We set out in our tour bus for Poas volcano. Along the way, traveling through lush tropical foliage, our guide treated us to a multitude of facts and figures about Costa Rica. A country of 5 million people, 65% of them live in a single valley in and around the nation's capitol. They are a very eco- conscious nation. Everything possible is recycled, even cattle waste, which is converted into an energy source. The volcano formed mountain ranges are protected zones to help keep the air and water of the entire country as pure as possible. Residents that leave portions of their property in it's natural state are compensated by the government for doing so.
A special, unexpected moment was provided by a man driving his oxcart along the road we were using. The hand painted, one of a kind, painted wood yoke around the beasts necks was a beautiful example of the nations folk art.
At an elevation of close to 9000 feet there is only a 30% chance of the volcano's crater being visible due to constant fog and could cover. An eruption 2 weeks before had closed the volcano to visitors all together. It had reopened only 2 days prior to our arrival.
The day was clear, the sky a beautiful blue. Our guide instructed us that if the current conditions held when we arrived at the site we should get to the crater's edge as quickly as possible to take advantage of the rare chance to see into the volcano. We raced the short distance from the parking lot to the crater. The crater was presented to us in stunning clarity. The jagged rock walls surrounding the pool of gray magma were a kaleidoscope of colors created by the chemicals emitted by the volcano. It reminded me of the sights I had experienced in Yellowstone. A column of steam arose from the seemingly impossibly hot pool. A gentleman next to me told me that the clouds had cleared just 10 minutes before we had arrived. Along one wall of the pool a section of rock looked as if it had been stained a bright red. He explained to me that that was not the color of the rock, rather it was superheated by the hot liquid it helped contained and glowed red hot.The sight lasted no more than 20 minutes before clouds moved in once again obscuring this marvel of nature.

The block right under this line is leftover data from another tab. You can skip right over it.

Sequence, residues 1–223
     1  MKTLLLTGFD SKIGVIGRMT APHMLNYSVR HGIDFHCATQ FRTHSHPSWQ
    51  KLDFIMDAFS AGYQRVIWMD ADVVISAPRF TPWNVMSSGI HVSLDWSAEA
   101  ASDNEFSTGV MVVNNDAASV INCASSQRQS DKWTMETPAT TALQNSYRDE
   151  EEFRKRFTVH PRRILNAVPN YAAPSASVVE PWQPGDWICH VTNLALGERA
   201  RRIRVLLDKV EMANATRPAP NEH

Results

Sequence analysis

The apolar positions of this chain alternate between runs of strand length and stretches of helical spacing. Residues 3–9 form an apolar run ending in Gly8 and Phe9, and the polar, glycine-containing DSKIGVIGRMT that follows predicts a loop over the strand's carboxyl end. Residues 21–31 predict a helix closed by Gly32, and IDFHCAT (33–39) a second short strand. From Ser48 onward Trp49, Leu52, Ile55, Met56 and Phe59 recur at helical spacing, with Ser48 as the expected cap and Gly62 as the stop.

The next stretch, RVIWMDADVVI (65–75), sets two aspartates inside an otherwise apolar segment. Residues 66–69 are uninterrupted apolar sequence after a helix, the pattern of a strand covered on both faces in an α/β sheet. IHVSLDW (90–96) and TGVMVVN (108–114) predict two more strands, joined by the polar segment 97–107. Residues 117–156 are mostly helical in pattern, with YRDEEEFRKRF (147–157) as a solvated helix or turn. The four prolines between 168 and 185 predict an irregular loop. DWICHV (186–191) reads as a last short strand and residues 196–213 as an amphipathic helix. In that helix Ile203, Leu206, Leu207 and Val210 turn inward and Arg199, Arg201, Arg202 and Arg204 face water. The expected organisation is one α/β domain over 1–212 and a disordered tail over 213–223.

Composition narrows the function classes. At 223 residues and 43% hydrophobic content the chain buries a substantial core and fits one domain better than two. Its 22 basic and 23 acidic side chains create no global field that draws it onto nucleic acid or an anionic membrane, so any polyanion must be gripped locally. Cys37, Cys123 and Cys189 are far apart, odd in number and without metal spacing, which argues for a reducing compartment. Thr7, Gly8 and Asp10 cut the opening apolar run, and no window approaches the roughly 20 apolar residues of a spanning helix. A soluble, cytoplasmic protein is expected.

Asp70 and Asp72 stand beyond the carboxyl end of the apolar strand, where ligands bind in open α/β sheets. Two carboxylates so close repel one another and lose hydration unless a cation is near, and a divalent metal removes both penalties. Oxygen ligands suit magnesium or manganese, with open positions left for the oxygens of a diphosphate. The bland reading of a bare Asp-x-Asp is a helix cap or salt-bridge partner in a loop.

We left the crater felling incredibly fortunate to have experienced the seldom seen sight. Somedays I am a Lucky Traveler indeed!